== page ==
Add a few simple poppers for the panfish & you'll have a great start to a good selection!
    Remember, no one likes to be behind the big truck, but that's better than being under it!

  6. #5

    Default Re: starting flies?

    If you do plan on fishing for trout, I'll tell you a little secret. Most of the time, trout aren't all that selective either. Unless there is a blanket hatch of something going on, it you put a fly where a trout can see it, and it looks at least semi edible, you'll catch some fish.

    We like to make like trout have a PHD in entomology. guess what, they don't. When they are hungry, they don't particularly care if it's a cheeseburger, hot dog or chili fries that comes floating along. As a matter of fact, now I'm hungry.

    Most important thing to remember - have fun!


    The more you know, the less you need.

    Tenkara Fly Fishing

    Tenkara Fly Fishing Blog


    "People tend to get the politicians and the fishing tackle they deserve" - John Gierach, Fishing Bamboo

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  8. #6
    Join Date
    Apr 2011
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    Michigan's U.P.
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    2,345

    Default Re: starting flies?

    A full course on fly tying in a book. [ame="http://www.amazon.com/Charlie-Cravens-Basic-Fly-Tying/dp/0979346029/ref=sr_1_1?s=books&ie=UTF8&qid=1376833722&sr=1-1&keywords=charlie+craven%27s+basic+fly+tying"]Charlie Craven's Basic Fly Tying: Modern Techniques for Flies That Catch Fish: Charlie Craven: 9780979346026: Amazon.com: Books@@AMEPARAM@@http://ecx.images-amazon.com/images/I/51maKAS6wSL.@@AMEPARAM@@51maKAS6wSL[/ame]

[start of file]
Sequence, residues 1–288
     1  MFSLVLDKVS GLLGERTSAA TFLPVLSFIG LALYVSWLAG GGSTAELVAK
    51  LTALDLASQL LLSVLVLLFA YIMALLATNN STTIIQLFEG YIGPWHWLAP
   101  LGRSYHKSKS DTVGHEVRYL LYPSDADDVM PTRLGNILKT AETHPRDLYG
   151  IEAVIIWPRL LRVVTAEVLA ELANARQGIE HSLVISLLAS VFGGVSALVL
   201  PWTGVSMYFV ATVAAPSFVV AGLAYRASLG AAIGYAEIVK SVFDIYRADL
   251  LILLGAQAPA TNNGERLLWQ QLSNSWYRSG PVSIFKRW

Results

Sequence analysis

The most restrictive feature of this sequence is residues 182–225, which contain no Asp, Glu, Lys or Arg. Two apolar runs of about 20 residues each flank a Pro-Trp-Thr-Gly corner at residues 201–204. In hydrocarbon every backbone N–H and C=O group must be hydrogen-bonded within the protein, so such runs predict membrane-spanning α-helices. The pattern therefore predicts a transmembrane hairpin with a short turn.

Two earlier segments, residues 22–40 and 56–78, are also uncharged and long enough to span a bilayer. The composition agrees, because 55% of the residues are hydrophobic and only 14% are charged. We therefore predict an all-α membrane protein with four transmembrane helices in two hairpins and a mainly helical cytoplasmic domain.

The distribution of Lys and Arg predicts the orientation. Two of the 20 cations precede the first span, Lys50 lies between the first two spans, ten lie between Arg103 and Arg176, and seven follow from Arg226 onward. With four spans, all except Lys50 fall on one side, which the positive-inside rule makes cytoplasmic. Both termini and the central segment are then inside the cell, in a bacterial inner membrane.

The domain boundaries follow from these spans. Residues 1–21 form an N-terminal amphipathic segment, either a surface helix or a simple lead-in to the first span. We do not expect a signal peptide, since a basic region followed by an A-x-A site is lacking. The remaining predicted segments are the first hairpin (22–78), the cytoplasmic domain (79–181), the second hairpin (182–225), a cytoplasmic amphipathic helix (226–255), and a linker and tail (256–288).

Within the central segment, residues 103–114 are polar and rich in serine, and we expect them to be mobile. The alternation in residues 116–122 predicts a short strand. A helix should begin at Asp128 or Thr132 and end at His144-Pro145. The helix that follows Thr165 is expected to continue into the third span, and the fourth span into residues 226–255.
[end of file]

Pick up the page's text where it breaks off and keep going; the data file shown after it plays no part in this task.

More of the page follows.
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  10. #7

    Default Re: starting flies?

    If you'd like to start tying your own flies, I'd suggest you take a look at this video. You don't need alot of flies, or fancy flies to catch fish, lots of fish.
    They are cheap, easy and quick to tie, and work well on just about anything that swims -

    [ame=http://www.youtube.com/watch?v=Iyqph3kH0RU]The Ishigaki "Kebari" - YouTube[/ame]


    The more you know, the less you need.

    Tenkara Fly Fishing

    Tenkara Fly Fishing Blog


    "People tend to get the politicians and the fishing tackle they deserve" - John Gierach, Fishing Bamboo

  11. #8
    Join Date
    Dec 2010
    Location
    Ben Lomond, CA.
    Posts
    596

    Default Re: starting flies?

    Some thing for the sun fish is #38-431-075-03 bass pro poppers very cheap and they will give you some ideal on how to build them.

    Rick

  12. #9

    Default Re: starting flies?

    I was at Walmart today and picked up some bass poppers. They had panfish poppers there as well. There are 3 in the bass poppers and the panfish ones had I think 5 in a pack. Either one was $6. I have some panfish poppers that I received from a member and they work great. So good that if the fish are there they WILL hit them. And the bass like em too.